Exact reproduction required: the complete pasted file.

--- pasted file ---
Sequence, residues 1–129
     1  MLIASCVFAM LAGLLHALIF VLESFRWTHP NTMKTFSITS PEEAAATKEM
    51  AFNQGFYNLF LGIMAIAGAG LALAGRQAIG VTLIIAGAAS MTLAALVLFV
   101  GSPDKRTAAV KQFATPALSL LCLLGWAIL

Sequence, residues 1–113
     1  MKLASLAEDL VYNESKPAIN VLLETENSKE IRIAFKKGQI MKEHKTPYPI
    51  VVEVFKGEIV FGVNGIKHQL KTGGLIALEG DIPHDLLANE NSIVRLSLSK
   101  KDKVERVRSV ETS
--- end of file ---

Sequence, residues 1–129
     1  MLIASCVFAM LAGLLHALIF VLESFRWTHP NTMKTFSITS PEEAAATKEM
    51  AFNQGFYNLF LGIMAIAGAG LALAGRQAIG VTLIIAGAAS MTLAALVLFV
   101  GSPDKRTAAV KQFATPALSL LCLLGWAIL

Sequence, residues 1–113
     1  MKLASLAEDL VYNESKPAIN VLLETENSKE IRIAFKKGQI MKEHKTPYPI
    51  VVEVFKGEIV FGVNGIKHQL KTGGLIALEG DIPHDLLANE NSIVRLSLSK
   101  KDKVERVRSV ETS